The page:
First the good news. According to a recently released Q-2 employment outlook survey of US companies, 77% of employers are optimistic and expect hiring to return to pre-pandemic levels by the end of 2021.
The challenge for new grads will be to compete with those in the job market who have degrees and experience. Here are my recommendations for a successful launch.
Start your job search early. People often underestimate the length of time it takes to find a job. Triple the amount of time you think it will take and you will be close to the mark.
Spend the time it takes to create a professional resume and LinkedIn profile. If you aren’t sure how to do this, get help from a career coach.
You (or your parents) have spent a bundle on your education. Don’t nickel and dime yourself into a longer than necessary job search because your tools are inferior. A strong resume and LinkedIn profile can open doors.
Of course, you must deliver the goods during the interview; taking the time to create a solid resume will prepare you to do just that!
Line up your references now. Share your resume and LinkedIn profile with them. Ask them to jot down three or four sentences that describe their experience working or interacting with you. Compile the statements on one reference sheet complete with each person’s name and contact information. Include your name and contact information in a header at the top that matches the header on your resume. Now you have a sales tool that you can email or hand to hiring managers.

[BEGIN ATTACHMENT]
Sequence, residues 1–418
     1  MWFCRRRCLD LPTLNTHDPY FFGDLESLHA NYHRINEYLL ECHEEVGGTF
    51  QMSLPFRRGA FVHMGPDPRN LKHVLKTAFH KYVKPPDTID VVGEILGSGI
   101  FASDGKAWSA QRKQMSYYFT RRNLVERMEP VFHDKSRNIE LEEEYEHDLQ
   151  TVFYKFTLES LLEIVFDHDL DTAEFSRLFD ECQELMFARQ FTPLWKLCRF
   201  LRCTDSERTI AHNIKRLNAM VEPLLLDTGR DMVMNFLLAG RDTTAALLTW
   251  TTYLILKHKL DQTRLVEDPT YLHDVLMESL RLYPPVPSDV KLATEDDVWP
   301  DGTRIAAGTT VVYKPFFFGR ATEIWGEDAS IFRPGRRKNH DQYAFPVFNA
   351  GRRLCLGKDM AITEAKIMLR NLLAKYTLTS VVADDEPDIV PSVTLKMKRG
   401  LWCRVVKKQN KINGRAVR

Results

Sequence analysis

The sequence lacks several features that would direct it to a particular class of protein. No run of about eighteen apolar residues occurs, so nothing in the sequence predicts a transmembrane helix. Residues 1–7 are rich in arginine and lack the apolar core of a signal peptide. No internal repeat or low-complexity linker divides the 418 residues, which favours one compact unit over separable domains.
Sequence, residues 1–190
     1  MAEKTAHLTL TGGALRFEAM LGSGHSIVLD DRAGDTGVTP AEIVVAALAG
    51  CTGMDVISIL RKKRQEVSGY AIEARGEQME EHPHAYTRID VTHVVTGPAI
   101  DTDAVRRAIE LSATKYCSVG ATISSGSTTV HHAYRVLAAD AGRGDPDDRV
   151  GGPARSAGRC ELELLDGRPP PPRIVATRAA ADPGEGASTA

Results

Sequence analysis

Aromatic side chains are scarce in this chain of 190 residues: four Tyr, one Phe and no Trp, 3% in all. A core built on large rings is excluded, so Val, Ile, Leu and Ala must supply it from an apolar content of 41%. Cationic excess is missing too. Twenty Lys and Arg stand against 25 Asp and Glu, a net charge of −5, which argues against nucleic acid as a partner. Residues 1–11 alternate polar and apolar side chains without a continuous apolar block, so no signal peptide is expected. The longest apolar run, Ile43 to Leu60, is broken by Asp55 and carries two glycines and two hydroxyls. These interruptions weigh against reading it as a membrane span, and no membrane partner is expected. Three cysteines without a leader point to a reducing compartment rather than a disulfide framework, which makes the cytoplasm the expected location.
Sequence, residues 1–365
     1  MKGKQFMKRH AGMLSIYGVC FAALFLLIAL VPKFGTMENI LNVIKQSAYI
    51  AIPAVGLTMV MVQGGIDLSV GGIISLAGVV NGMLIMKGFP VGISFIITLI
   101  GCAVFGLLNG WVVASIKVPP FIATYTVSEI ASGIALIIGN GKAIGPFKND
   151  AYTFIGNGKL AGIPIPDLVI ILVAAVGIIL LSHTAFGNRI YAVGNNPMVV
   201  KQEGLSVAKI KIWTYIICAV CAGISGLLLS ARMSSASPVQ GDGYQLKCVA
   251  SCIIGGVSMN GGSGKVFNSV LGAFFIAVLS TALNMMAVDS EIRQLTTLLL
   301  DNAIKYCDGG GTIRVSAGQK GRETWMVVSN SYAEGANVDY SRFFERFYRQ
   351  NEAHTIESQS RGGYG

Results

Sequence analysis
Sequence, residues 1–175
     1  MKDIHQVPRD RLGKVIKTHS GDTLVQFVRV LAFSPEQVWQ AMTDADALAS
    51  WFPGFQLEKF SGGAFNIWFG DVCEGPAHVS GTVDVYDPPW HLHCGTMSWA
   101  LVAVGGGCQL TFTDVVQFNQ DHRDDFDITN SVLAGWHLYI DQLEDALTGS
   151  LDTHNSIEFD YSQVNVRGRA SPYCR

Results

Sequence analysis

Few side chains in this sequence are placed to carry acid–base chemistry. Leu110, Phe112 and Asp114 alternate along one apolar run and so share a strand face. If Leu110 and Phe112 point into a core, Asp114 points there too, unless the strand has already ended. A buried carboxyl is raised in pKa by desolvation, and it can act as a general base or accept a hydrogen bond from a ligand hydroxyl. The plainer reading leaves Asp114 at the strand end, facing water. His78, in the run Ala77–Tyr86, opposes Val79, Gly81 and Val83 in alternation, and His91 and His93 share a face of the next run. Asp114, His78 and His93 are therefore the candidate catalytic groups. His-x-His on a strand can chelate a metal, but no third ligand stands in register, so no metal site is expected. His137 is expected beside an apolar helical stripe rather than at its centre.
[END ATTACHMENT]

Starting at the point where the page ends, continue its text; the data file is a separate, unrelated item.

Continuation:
Use your network. That has never been more important than today. If you have been working in the industry while pursuing your degree you have both experience and contacts. Highlight your experience and use your contacts to help you get in front of decision-makers. Don’t be shy about asking for advice, insight, and introductions.
Be prepared to interview on Zoom and in-person. Dress for Zoom interviews with the same care you would for a face-to-face interview. I recommend dressing one level up from the position for which you are applying.
Design a value-add leave-behind. This marketing tool should showcase what you can do for the organization. The specifics vary depending upon your job target. It may be a short article on an industry-related topic, a list of five product marketing ideas, or suggestions for increasing traffic to the company’s website. Whatever you create, it must be relevant, thoughtful and reflect an appropriate amount of time and effort. Include your name, date, and contact information.
Create a job search game plan and stick to it, especially when the road ahead looks bleak. Candidates often devote too little time to their search, spend too much time applying online and don’t allocate enough time for connecting with and building their network. As a result, they “feel” like they are doing a lot but make very little progress, much like a squirrel running on a wheel in a cage. There is a lot of activity but very little return on investment.
Finally, when you get the offer, negotiate! Get into the habit of negotiating every job, raise and promotion. Doing so will positively impact your self-esteem and wallet over the course or your career.
©2021 Mary Jeanne Vincent. All rights reserved.